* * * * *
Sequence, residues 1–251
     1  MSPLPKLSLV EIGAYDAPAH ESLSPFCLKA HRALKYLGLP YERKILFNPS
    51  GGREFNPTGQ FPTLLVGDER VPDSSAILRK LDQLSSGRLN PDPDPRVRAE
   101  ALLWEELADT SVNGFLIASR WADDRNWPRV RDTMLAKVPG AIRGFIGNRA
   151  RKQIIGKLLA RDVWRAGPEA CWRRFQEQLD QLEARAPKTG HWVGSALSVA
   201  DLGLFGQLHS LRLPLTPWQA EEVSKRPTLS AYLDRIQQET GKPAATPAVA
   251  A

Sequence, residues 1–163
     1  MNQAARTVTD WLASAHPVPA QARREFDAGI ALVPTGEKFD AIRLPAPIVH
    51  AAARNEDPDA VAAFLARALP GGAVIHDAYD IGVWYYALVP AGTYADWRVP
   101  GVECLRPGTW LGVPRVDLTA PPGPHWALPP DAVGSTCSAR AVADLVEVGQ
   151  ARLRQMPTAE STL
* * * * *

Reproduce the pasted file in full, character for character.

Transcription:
Sequence, residues 1–251
     1  MSPLPKLSLV EIGAYDAPAH ESLSPFCLKA HRALKYLGLP YERKILFNPS
    51  GGREFNPTGQ FPTLLVGDER VPDSSAILRK LDQLSSGRLN PDPDPRVRAE
   101  ALLWEELADT SVNGFLIASR WADDRNWPRV RDTMLAKVPG AIRGFIGNRA
   151  RKQIIGKLLA RDVWRAGPEA CWRRFQEQLD QLEARAPKTG HWVGSALSVA
   201  DLGLFGQLHS LRLPLTPWQA EEVSKRPTLS AYLDRIQQET GKPAATPAVA
   251  A

Sequence, residues 1–163
     1  MNQAARTVTD WLASAHPVPA QARREFDAGI ALVPTGEKFD AIRLPAPIVH
    51  AAARNEDPDA VAAFLARALP GGAVIHDAYD IGVWYYALVP AGTYADWRVP
   101  GVECLRPGTW LGVPRVDLTA PPGPHWALPP DAVGSTCSAR AVADLVEVGQ
   151  ARLRQMPTAE STL